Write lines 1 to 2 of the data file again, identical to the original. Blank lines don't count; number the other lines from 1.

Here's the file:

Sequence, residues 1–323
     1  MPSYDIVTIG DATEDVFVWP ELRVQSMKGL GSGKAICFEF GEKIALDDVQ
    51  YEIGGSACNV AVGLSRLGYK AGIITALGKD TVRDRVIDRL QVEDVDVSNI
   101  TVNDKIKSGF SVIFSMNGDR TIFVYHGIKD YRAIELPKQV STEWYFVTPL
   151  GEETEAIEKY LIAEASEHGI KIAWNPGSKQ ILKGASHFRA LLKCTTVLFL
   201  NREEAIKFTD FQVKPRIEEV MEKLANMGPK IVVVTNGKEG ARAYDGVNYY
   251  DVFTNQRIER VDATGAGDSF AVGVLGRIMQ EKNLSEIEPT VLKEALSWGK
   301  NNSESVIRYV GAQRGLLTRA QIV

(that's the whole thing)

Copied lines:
Sequence, residues 1–323
     1  MPSYDIVTIG DATEDVFVWP ELRVQSMKGL GSGKAICFEF GEKIALDDVQ